Wednesday’s Art Notes

BY Molly Finnegan  January 5, 2011 at 10:08 AM EST

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Maria Bernal de Navarratte dusts a statue of Andrew Jackson, seventh President of the United States, in the rotunda of the Capitol. A new session of Congress started on Wednesday. Photo By Tom Williams/ Roll Call

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A publishing house in Alabama is reprinting Mark Twain’s The Adventures of Huckleberry Finn, without the original racial epithets used by the author, via The New York Times.

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Movie theater chains go more upscale for food concessions, with many rolling out more substantial food options for patrons than popcorn and candy, via The Wall Street Journal.

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A group of actors escaped the current political strife in Belarus to perform in a theater festival that beings in New York on Wednesday, via The New York Times.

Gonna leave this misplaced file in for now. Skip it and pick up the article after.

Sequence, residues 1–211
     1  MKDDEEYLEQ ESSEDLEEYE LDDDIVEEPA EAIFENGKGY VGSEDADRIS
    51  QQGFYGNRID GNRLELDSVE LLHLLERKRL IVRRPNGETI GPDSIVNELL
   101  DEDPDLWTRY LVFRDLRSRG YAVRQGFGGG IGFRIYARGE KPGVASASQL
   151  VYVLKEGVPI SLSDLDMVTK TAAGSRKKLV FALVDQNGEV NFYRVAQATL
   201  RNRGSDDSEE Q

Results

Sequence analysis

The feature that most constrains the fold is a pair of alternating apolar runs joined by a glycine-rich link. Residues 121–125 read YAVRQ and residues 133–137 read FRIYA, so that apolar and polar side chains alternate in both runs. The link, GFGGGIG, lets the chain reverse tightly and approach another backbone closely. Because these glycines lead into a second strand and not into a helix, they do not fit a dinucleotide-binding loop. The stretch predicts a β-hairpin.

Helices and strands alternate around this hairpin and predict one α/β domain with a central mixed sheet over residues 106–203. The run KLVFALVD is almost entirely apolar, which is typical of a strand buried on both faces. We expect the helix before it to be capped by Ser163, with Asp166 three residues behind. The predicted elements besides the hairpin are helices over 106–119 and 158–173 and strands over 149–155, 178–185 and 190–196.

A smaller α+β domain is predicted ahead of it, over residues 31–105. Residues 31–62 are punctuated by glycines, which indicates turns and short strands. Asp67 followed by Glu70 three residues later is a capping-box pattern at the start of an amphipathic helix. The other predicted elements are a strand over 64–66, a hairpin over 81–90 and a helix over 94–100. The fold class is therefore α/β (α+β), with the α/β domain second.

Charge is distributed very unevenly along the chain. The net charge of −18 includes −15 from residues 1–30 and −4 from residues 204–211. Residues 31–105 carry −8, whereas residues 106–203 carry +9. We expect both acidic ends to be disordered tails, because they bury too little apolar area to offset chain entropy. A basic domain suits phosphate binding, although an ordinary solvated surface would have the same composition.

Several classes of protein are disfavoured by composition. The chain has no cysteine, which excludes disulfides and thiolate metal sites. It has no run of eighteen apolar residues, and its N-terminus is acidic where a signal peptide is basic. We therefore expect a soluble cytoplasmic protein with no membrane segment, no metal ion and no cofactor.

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The Corcoran Gallery in Washington considers what kind of future it wants to have, as it starts a serious assessment of itself as an institution, via The Washington Post.

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Malangatana Valente Ngwenya, a painter from Mozambique who was one of Africa’s most famous contemporary visual artists and was recognized in 1997 by Unesco for his work for peace, has died in Portugal at the age of 74, via BBC.

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Scottish songwriter Gerry Rafferty, who had big hits with “Stuck in the Middle With You” and “Baker Street” in the 1970s, died Tuesday of liver failure at the age of 63, via The Telegraph.

Listen to Rafferty’s 1978 song “The Ark”: